One interferometric modulator display embodiment comprising an interferometric MEMS display element is illustrated in
The depicted portion of the pixel array in
The fixed layers 16 a, 16 b are electrically conductive, partially transparent and partially reflective, and may be fabricated, for example, by depositing one or more layers each of chromium and indium-tin-oxide onto a transparent substrate 20. The layers are patterned into parallel strips, and may form row electrodes in a display device as described further below. The movable layers 14 a, 14 b may be formed as a series of parallel strips of a deposited metal layer or layers (orthogonal to the row electrodes 16 a, 16 b) deposited on top of posts 18 and an intervening sacrificial material deposited between the posts 18. When the sacrificial material is etched away, the deformable metal layers are separated from the fixed metal layers by a defined air gap 19. A highly conductive and reflective material such as aluminum may be used for the deformable layers, and these strips may form column electrodes in a display device.
With no applied voltage, the cavity 19 remains between the layers 14 a, 16 a and the deformable layer is in a mechanically relaxed state as illustrated by the pixel 12 a in
In one embodiment, the processor 21 is also configured to communicate with an array controller 22. In one embodiment, the array controller 22 includes a row driver circuit 24 and a column driver circuit 26 that provide signals to a pixel array 30. The cross section of the array illustrated in
In typical applications, a display frame may be created by asserting the set of column electrodes in accordance with the desired set of actuated pixels in the first row. A row pulse is then applied to the row 1 electrode, actuating the pixels corresponding to the asserted column lines. The asserted set of column electrodes is then changed to correspond to the desired set of actuated pixels in the second row. A pulse is then applied to the row 2 electrode, actuating the appropriate pixels in row 2 in accordance with the asserted column electrodes. The row 1 pixels are unaffected by the row 2 pulse, and remain in the state they were set to during the row 1 pulse. This may be repeated for the entire series of rows in a sequential fashion to produce the frame. Generally, the frames are refreshed and/or updated with new display data by continually repeating this process at some desired number of frames per second. A wide variety of protocols for driving row and column electrodes of pixel arrays to produce display frames are also well known and may be used in conjunction with the present invention.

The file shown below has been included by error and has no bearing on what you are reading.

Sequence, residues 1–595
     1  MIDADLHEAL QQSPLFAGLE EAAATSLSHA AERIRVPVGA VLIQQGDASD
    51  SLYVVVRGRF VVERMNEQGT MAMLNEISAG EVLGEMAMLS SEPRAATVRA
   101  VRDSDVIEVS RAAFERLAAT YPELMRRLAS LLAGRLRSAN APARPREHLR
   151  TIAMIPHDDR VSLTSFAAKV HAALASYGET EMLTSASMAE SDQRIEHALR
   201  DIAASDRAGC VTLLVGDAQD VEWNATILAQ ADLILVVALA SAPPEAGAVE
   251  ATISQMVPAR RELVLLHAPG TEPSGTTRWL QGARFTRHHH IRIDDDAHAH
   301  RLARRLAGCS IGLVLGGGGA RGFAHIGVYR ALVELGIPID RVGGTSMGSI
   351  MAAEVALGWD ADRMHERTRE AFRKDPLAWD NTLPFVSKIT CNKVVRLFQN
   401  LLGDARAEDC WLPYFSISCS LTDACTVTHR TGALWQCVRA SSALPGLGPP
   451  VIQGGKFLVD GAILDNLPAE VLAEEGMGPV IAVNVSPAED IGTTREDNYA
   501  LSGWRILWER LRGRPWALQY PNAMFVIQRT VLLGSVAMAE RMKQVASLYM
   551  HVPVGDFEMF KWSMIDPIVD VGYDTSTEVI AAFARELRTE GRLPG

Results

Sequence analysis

The details of the structure of interferometric modulators that operate in accordance with the principles set forth above may vary widely. For example,
It is one aspect of the above described devices that charge can build on the dielectric between the layers of the device, especially when the devices are actuated and held in the actuated state by an electric field that is always in the same direction. For example, if the moving layer is always at a higher potential relative to the fixed layer when the device is actuated by potentials having a magnitude larger than the outer threshold of stability, a slowly increasing charge buildup on the dielectric between the layers can begin to shift the hysteresis curve for the device. This is undesirable as it causes display performance to change over time, and in different ways for different pixels that are actuated in different ways over time. As can be seen in the example of
This problem can be reduced by actuating the MEMS display elements with a potential difference of a first polarity during a first portion of the display write process, and actuating the MEMS display elements with a potential difference having a polarity opposite the first polarity during a second portion of the display write process. This basic principle is illustrated in
Frame N+1 is written in accordance with the table in